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Saturday, March 25, 2023
Nairobi, Kenya, Feb 16 2022 (IPS) - Unable to walk, see or hear, and without assistance, the multiple barriers between 240 million children with disabilities and the education system mean nearly half are likely never to have attended school.
“We must reach these children with the fierce urgency of now,” says Yasmine Sherif, Director, Education Cannot Wait, speaking at the Global Disability Summit.
UNICEF research paints a dire picture for millions of children with disabilities worldwide. Forty-nine percent were more likely to have never attended school; 47 percent were more likely to be out of primary school. One-third are likely to be out of lower secondary school, and 27 percent are likely to be out of upper secondary school.
In emergencies and protracted crises in countries like Afghanistan, Bangladesh, Chad, Lebanon, Syria, and many more, Sherif says, “No one is left furthest behind and more vulnerable than a refugee or forcibly displaced child with disabilities.”
At the Global Disability Summit, hosted by the International Disability Alliance (IDA) and the governments of Norway and Ghana, on February 16-17, 2022, Sherif spoke about the harsh reality challenges faced on a daily basis by crisis-affected children with disabilities within current education systems and the urgent need to intervene.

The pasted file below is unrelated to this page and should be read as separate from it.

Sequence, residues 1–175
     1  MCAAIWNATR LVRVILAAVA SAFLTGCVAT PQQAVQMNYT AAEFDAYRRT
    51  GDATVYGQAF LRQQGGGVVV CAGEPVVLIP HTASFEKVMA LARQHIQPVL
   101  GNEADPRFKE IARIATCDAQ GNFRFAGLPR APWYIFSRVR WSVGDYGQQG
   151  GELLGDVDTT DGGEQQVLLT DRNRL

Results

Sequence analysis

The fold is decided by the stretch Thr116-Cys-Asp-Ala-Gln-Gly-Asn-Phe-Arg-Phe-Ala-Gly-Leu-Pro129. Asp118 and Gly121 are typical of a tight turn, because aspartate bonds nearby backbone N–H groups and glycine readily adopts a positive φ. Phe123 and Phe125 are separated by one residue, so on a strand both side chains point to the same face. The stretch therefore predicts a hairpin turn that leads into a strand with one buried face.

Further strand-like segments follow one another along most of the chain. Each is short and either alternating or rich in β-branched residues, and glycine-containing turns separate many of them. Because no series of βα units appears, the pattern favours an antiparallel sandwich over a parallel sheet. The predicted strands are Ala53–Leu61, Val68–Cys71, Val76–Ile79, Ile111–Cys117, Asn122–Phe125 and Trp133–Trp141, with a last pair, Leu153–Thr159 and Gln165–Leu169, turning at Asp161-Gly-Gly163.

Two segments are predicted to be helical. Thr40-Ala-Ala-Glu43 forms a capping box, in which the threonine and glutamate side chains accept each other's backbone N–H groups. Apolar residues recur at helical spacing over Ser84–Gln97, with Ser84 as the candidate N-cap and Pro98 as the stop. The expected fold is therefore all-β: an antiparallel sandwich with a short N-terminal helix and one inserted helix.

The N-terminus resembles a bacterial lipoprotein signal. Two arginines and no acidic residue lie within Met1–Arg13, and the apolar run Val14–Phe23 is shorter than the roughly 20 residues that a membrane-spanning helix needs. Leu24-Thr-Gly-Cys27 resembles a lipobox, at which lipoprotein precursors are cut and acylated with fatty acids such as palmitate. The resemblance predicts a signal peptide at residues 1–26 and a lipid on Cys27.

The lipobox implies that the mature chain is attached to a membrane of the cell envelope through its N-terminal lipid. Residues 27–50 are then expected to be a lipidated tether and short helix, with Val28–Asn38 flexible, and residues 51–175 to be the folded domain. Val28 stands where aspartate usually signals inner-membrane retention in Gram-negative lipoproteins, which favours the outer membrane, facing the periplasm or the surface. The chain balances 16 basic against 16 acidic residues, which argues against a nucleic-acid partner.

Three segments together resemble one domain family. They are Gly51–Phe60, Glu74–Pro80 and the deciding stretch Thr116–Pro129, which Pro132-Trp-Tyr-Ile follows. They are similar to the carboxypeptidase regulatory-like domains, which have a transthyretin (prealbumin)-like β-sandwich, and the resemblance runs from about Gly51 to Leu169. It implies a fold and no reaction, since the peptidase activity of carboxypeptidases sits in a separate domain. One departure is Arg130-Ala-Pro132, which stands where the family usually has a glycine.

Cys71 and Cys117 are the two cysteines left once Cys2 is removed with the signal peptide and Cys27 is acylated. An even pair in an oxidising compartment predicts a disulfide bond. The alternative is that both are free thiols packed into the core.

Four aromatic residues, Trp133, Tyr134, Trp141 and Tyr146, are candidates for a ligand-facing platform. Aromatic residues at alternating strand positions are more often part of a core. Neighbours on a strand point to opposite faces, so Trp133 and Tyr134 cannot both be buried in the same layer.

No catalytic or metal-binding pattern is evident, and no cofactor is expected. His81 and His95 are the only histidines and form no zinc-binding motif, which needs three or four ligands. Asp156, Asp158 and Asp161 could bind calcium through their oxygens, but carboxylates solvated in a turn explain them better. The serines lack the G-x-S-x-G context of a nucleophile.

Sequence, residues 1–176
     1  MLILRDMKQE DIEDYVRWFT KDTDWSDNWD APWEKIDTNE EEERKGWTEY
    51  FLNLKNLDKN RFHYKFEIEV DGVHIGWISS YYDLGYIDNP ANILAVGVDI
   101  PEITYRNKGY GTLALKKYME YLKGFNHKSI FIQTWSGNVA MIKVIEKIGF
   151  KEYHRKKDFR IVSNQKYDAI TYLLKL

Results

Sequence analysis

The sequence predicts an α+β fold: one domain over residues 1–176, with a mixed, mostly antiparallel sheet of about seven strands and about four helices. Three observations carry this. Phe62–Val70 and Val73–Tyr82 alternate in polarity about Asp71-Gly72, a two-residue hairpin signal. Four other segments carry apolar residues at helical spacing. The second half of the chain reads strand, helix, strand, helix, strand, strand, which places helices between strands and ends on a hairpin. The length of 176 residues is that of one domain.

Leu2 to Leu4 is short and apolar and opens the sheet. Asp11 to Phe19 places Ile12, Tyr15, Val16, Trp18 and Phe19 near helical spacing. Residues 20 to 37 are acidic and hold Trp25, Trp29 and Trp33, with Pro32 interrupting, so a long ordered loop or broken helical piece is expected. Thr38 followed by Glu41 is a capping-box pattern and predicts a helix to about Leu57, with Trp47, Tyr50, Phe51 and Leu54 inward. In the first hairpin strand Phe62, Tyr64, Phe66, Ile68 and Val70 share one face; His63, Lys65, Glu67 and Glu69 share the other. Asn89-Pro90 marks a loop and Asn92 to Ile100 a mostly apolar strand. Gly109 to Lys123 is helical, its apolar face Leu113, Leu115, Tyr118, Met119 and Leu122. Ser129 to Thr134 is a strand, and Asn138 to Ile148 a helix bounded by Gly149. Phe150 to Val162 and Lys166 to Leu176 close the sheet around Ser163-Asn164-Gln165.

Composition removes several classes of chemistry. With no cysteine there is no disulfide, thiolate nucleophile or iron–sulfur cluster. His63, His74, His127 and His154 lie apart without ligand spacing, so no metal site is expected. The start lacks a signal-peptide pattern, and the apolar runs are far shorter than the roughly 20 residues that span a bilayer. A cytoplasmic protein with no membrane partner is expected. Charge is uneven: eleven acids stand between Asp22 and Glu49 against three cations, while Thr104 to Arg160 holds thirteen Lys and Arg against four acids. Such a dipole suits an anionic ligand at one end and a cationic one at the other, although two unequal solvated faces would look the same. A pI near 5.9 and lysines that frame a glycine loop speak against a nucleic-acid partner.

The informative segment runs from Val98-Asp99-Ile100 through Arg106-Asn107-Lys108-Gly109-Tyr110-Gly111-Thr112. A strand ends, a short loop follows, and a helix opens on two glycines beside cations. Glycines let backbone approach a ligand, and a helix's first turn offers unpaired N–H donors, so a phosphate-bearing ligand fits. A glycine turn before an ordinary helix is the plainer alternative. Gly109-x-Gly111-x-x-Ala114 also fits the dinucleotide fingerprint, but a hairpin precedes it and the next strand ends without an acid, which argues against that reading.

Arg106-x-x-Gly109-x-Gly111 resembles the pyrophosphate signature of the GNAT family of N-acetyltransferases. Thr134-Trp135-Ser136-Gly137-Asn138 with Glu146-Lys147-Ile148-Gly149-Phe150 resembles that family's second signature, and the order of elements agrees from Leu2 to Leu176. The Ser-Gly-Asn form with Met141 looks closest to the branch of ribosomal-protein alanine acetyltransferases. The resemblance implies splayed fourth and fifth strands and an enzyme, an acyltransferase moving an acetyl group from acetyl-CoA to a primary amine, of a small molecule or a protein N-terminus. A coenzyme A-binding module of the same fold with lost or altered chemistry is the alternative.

She urged the global community to be concrete in action and not abstract in thinking, calling for a collective response for children with disabilities caught in armed conflicts, forced displacement, climate-induced disasters, and protracted crises. Their inclusion in response and protection interventions need to be systemized through legal frameworks and leveraging on pooled funding.
“Being the only global fund for education in emergencies and protracted crises, ECW cannot accomplish its mission unless all children with disabilities can learn in an inclusive and protected setting along with their peers,” she says.
“Nor will we collectively ensure the right to inclusive, equitable, and quality education for every child if children with disabilities remain behind.”
ECW commits to ensuring that its partners and grantees embed inclusion standards in their investments and act upon them.